What type of water source is required to use a MoneyMaker pump?
MoneyMaker Pumps can pull water from shallow hand-dug wells, streams, lakes and ponds and push it through a pressurized hosepipe to the field. Water can be sprayed directly on the crops or crop roots through a spray nozzle or used to power a sprinkler.
Do the pumps deplete the local water table?
MoneyMaker pumps draw from shallow, renewable water sources and do not impact underground table levels. It is equally worth noting that the pumps enable farmers to manage available water resources in the most efficient manner. This is true both in terms of the absolute volume of water the pumps use and the relative volume of water the pumps use compared to the most widely-available alternatives: bucket irrigation, which is physically difficult, time consuming and inefficient, and petrol-powered irrigation systems, which are prone to overwatering crops and can, in fact, deplete water tables.
What tools or special skills are required to use the pumps?
MoneyMaker Pumps require no tools or special skills to install and maintain – you simply attach the hosepipes, drop the filter into the water source, and start pumping.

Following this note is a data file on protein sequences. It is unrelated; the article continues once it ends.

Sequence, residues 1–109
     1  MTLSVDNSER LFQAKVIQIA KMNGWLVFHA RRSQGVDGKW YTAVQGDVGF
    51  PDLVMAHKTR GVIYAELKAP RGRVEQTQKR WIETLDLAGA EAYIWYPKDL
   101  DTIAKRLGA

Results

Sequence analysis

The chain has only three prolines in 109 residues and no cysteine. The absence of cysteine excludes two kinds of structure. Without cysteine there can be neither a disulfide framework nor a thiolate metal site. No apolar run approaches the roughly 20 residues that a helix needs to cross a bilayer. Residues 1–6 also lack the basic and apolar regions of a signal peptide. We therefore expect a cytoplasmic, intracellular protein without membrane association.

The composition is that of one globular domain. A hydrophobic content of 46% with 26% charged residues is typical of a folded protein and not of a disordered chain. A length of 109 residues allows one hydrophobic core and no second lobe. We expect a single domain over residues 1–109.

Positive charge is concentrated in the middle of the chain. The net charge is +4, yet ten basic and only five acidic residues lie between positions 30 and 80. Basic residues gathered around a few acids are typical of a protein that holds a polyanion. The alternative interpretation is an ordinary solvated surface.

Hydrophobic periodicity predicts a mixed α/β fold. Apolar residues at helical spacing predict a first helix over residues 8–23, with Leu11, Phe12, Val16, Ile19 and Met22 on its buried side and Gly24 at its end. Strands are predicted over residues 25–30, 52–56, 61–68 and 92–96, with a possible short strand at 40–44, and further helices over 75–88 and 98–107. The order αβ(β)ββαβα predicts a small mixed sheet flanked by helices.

What else will I need to buy to begin using the pumps?
MoneyMaker pumps come with everything required to start irrigating your fields and make money – no additional parts, fuel or hosepipes are required. Even spare parts are included in each initial order and can be easily changed by hand.
How do the pumps compare with alternatives on the market?
Best in Class – MoneyMaker pumps have been designed to maximize water thruput and ease of use, and to be strong and durable in the field. They outperform other human powered pumps in the field and come with a 1 year money-back quality guarantee.
In comparison to petrol powered pumps, MoneyMaker pumps are more affordable to operate and maintain than motorized pumps currently on the market. MoneyMaker pumps demand modest maintenance costs, yielding pure net profit compared to motorized pumps that require recurring fueling fees. Petrol is not only expensive, but can be difficult to obtain in remote regions. Fuel can suffer from unreliable supply chains due to political unrest and underdeveloped infrastructure. Additionally, the quality of available fuel can be questionable with dirt, water, and other contaminants polluting the fuel which could result in operating issues with the fuel-powered pumps. Many MoneyMaker farmers rely on family members or hire neighbors to work on their farms and operate the pumps. Family labor is often free and paid farm labor is typically more affordable than purchasing petrol—a largely unemployed local workforce can operate MoneyMaker pumps across Africa.